And something does need to happen with left field, since Hollandsworth is still getting most of the starts, and has been, as we can see in the table, abysmal by any standards, but particularly when thinking about corner outfield spots. Soriano would definitely be an upgrade in that respect, but while you would be getting a tremendous power boost, you'd still be punting OBP, which is something I'm not sure the Cubs can afford.
That's what makes a three-way deal that nets Cliff Floyd so appealing. Granted, he has been a substantial injury risk over his entire career, and even this year he's been dealing with various small maladies that may contribute to what is, when one looks at his month by month numbers this season, a profound tendency toward streakiness.
Yet, his relative patience, solid power numbers, and left-handedness (which would allow continued balance in the lineup, and the possibility of shifting Jeromy Burnitz a little farther down the line) are distinct marks in his favor. He's also under contract for next year, and while the injury bug could always resurface, bear in mind that's exactly what Jody Gerut was procured for.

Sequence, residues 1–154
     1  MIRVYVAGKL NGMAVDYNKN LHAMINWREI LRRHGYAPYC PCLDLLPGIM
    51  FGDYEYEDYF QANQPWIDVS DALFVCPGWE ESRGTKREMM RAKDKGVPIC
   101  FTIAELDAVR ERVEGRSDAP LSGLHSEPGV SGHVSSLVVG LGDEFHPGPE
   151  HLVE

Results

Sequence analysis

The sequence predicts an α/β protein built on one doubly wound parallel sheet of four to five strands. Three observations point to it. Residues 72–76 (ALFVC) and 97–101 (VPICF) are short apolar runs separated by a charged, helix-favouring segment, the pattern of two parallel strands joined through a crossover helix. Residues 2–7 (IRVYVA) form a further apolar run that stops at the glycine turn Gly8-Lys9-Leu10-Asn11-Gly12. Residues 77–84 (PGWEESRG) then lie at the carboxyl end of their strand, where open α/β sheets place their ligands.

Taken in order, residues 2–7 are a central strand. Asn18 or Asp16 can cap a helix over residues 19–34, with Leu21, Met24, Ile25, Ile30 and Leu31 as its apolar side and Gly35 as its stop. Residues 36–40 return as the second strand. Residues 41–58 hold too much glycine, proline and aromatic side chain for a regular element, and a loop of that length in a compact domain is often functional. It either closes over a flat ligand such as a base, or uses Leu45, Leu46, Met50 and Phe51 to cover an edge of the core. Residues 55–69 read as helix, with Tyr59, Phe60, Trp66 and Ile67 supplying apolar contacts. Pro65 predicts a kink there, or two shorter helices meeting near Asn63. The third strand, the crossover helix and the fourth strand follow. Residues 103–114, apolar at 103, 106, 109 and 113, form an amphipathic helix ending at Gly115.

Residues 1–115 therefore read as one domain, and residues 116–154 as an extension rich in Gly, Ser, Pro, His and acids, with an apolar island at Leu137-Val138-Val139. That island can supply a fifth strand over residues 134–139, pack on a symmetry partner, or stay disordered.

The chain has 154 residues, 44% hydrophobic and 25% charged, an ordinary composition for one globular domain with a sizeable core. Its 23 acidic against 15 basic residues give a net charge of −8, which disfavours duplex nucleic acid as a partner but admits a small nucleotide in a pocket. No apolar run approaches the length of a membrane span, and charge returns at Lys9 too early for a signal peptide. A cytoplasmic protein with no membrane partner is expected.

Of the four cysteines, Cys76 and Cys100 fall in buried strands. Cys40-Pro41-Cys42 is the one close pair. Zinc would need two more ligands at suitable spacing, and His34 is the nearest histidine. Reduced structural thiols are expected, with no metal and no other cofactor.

We'll have to wait and see what sort of treasure is being asked of the Cubs, assuming a deal even gets done, but this certainly bears watching as, one way or the other, there's a distinct chance the team could make itself better by the weekend.
Long On Luck
Short on time.
Lucky win. I'll take it. Luck bad this year. Yesterday luck good. Yippee!
Time is tight. No bullets. Bee-bees.
D-Backs today. No more Jose Cruz. Now Connor Jackson era. Hope he doesn't kill us.
Williams v. Halsey. I think it's a tossup. D-Backs killed us lately. Gotta, gotta, beat 'em.
Substance later. Now I go.
Mr. 3000, Not Mr. 314